To Nathaniel Barrett
Paris May 24. 1789.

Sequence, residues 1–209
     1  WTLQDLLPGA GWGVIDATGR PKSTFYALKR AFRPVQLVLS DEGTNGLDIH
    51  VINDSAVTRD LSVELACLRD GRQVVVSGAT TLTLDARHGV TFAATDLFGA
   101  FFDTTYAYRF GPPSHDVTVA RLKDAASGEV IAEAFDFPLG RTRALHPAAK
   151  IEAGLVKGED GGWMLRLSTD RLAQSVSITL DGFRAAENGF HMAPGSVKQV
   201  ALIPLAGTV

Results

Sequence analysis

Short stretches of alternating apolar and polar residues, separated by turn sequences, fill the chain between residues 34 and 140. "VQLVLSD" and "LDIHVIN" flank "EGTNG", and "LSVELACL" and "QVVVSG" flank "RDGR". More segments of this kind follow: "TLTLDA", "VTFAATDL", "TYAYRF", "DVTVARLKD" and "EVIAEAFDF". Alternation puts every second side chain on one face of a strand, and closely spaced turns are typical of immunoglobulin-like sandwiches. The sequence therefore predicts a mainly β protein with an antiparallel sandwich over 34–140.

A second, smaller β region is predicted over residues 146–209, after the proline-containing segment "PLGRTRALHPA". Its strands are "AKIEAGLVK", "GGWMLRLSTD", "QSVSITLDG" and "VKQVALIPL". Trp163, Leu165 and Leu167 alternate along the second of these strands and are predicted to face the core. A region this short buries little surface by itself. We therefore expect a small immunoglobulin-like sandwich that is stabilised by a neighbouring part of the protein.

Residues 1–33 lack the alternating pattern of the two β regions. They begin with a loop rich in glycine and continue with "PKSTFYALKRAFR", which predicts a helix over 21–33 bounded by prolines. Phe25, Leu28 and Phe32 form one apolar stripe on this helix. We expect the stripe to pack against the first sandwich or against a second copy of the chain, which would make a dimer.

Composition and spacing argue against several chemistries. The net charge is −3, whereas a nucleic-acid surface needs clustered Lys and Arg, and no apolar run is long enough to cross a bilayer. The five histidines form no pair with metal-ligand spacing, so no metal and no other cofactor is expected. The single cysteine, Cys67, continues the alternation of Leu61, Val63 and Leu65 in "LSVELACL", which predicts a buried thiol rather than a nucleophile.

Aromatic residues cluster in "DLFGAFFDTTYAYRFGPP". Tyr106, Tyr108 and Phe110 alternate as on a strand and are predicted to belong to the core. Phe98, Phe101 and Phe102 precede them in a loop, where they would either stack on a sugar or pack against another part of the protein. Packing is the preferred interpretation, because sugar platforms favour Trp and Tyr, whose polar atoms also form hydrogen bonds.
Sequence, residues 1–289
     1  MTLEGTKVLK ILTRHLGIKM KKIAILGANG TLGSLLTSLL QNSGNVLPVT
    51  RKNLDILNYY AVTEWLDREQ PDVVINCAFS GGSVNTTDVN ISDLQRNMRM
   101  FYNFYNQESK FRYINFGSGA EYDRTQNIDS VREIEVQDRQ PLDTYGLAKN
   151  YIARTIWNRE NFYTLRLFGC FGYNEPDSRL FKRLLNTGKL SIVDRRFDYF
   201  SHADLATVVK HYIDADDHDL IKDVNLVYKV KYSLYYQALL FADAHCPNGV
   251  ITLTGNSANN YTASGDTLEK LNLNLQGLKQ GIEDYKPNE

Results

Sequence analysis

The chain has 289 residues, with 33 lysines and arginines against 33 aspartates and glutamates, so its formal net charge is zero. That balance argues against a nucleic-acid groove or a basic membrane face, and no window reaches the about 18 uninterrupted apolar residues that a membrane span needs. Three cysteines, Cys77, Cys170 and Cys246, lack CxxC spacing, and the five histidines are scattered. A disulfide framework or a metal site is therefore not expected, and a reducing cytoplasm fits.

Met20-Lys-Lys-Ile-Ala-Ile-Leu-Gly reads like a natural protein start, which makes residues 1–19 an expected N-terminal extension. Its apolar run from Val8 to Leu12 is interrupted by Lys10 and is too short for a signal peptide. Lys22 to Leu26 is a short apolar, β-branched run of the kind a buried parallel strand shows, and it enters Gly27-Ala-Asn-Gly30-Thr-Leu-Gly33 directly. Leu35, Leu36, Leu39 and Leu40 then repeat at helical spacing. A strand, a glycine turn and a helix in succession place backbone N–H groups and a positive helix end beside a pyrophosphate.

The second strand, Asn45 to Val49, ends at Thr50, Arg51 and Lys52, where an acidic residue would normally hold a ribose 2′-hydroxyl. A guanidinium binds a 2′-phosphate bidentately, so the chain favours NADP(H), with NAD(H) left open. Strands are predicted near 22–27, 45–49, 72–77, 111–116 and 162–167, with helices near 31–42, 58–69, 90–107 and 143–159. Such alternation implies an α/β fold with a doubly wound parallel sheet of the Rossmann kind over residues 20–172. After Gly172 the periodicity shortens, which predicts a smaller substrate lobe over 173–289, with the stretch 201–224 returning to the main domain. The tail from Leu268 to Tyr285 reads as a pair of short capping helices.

I have duly received your favor of Mar. 6.—Were the appointment of a Consul at Rouen to depend on me, there is assuredly no one who would have so just a claim to it as yourself. But it will rest with the President. In my letter to Mr. Jay on the subject of the Consulships I have ventured to suggest some ideas on the subject, and tho’ I did not at the time know that you would settle at Rouen, yet your appointment will come perfectly within the plan I had suggested, and be consistent with the recommendation I had given for that port. Should I be further consulted on your subject I shall bear testimony to your merit with that pleasure which duty and esteem dictate. I am in hourly expectation of receiving a leave of absence for a few months which I have asked for the purposes of conducting my family back and of taking some arrangement in my affairs. As therefore I shall have the pleasure of seeing you perhaps as soon as you will receive this I shall not enter into details relative to this country, which to give you a proper idea must be long. In general their revolution has gone on with unexampled quiet, and success. At this moment it is checked by a disagreement between the orders composing the states general. I hope however they will get over it. I have the honor to be with very great esteem & respect Dr. Sir Your most obedt. humble servt.,